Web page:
So this is how my list goes now. If I see an author mistreating reviewers or raging against them or trying to temper reviewer’s confidence in being able to express themselves, then I put them on the list. Then I put the links so that I know what happened and why and so that, one day, I might take them off the list if I change my mind – which has happened, by the way.
Because unlike an organization that has the power to amass resources to pick on the little guy and ruin their life or subvert their ability to make an income – all I can do is add a little book to a little list. In the vast majority of cases, it is successful authors – people who most likely won’t really feel the financial pressure, and who have access to a fanbase most of us couldn’t dream of, who are picking on the little guys. They use intimidation tactics or they get their friends to help or their fans to erode the reviewers confidence. And if that reviewer is new and there’s nobody to stick up for them then this is incredibly, overwhelmingly intimidating.
There is no organization or planned attack, or greater plan via the Goodreads shelf. There is simply consumers shelving their books to keep track of them, as they’ve always done. Is my Absolute Favourites shelf under attack? Or my Beyond Awesome shelf a problem? It’s how I, and many other Goodreaders organize our books. Not an attack. I do not tell people what authors to read or not read. My intention is not to attack authors, but to remember and determine which authors will receive my money and time.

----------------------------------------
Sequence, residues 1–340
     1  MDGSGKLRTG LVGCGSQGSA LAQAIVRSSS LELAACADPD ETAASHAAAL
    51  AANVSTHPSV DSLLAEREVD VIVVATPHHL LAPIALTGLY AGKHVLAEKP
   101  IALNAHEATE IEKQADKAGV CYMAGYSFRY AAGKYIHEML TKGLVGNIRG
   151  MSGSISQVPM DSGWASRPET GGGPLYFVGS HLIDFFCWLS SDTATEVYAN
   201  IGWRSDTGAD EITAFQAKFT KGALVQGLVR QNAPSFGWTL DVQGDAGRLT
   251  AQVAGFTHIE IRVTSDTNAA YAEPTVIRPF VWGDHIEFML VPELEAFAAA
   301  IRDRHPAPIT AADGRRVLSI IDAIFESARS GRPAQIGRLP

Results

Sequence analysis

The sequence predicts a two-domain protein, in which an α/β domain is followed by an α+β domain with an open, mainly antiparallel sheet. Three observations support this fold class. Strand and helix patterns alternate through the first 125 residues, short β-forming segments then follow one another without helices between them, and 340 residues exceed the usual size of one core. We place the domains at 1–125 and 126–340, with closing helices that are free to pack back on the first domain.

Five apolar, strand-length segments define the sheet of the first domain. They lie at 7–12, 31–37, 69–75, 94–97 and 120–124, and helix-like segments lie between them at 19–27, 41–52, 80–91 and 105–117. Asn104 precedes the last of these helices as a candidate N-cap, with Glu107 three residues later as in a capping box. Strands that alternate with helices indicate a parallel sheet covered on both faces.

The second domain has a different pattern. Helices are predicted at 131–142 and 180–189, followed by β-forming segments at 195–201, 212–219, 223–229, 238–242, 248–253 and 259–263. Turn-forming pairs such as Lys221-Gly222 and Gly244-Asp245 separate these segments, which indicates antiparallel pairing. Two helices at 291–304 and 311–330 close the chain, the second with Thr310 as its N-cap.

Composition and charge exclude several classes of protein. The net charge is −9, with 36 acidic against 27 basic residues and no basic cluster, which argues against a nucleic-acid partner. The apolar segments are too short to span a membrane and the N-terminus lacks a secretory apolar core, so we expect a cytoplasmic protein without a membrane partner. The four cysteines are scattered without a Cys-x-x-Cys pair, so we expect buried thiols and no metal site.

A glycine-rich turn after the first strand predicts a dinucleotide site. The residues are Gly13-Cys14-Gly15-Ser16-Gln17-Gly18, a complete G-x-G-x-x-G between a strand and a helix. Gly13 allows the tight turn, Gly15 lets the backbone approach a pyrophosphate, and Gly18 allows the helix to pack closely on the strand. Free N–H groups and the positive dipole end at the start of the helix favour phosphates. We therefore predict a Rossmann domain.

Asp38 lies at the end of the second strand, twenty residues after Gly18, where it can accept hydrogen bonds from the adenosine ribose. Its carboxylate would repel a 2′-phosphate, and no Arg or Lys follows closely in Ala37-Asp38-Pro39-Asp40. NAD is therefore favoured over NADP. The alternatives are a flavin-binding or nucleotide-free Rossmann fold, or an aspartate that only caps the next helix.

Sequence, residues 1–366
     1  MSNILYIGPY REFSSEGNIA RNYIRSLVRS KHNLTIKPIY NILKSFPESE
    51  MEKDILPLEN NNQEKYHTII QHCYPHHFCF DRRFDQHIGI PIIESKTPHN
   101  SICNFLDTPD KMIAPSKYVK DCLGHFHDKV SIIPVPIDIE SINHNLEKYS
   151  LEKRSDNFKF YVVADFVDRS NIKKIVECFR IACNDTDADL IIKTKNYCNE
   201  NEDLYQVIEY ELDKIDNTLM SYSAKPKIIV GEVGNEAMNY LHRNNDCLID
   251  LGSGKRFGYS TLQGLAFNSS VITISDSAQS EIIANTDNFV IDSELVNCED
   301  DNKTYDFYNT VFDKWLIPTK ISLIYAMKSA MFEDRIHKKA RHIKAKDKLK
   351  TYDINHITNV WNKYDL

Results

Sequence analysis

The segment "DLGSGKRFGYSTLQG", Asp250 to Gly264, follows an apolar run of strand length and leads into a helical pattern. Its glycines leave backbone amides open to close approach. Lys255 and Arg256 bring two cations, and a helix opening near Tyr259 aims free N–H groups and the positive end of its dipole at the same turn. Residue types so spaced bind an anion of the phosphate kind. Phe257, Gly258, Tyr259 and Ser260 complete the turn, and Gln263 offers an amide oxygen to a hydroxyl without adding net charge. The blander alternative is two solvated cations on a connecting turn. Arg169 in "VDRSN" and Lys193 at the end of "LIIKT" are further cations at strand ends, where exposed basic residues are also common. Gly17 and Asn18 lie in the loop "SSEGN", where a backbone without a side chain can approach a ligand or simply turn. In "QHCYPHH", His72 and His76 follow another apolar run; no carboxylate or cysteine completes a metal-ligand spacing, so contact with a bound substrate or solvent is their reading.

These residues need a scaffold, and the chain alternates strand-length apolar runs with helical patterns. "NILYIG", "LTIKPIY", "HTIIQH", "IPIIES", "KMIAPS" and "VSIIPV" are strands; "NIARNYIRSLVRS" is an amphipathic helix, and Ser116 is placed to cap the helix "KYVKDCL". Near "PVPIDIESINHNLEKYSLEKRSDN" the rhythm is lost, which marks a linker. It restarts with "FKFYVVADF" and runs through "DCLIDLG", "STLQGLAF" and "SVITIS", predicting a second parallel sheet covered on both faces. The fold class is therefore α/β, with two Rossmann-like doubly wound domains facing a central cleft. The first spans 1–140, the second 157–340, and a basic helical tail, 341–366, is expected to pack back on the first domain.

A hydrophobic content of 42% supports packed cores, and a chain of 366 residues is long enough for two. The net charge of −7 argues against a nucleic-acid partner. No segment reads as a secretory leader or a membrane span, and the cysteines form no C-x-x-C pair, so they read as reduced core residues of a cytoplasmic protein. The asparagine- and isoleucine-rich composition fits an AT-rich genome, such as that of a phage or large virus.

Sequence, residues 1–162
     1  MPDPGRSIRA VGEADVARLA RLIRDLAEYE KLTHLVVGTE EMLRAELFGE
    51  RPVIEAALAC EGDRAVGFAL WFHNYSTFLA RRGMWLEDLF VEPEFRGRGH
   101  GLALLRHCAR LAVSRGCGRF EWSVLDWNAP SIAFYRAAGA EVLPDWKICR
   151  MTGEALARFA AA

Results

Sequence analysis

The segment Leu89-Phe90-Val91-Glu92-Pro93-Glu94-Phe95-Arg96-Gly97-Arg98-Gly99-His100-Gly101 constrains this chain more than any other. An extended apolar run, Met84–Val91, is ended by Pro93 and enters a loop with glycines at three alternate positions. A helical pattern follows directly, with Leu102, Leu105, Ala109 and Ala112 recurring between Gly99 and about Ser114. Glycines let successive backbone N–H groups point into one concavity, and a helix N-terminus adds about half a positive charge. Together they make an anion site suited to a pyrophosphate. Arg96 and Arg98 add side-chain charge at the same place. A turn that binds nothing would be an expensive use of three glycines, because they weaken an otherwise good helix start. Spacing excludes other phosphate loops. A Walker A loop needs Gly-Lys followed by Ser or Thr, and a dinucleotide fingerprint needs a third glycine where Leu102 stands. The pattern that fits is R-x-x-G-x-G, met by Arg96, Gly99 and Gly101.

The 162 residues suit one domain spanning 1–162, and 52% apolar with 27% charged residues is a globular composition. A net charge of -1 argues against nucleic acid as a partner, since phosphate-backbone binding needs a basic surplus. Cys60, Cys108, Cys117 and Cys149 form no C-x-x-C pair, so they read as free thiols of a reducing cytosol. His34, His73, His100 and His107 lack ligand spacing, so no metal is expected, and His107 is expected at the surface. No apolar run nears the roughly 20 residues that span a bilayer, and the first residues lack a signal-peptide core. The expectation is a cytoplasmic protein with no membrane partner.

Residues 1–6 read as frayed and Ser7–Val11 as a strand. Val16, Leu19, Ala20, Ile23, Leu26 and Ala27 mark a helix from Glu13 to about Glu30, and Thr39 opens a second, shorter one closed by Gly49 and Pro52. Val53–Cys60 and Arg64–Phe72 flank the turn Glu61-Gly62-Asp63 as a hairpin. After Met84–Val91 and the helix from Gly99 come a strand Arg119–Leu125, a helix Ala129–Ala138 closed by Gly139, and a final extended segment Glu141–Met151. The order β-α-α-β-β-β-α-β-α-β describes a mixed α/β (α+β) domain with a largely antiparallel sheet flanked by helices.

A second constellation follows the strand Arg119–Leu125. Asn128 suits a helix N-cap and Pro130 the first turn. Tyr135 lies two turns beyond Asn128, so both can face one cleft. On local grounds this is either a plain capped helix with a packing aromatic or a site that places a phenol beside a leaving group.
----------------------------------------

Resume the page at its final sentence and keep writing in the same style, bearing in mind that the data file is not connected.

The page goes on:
But that’s not for all, and sometimes as Book Riot says, there’s benefit to reading books by authors who are jerks – and I absolutely agree. Mark Twain is by no means my favourite historical person, and yet, I would read his works. Stiefvater’s blogposts diminishing the role of online reviewers certainly raises my ire and despite once personally attacking a good friend of mine, she has never made my Do Not Read list. It’s an entirely personal thing and I believe consumers have the right to publicly state who they will, and will not read.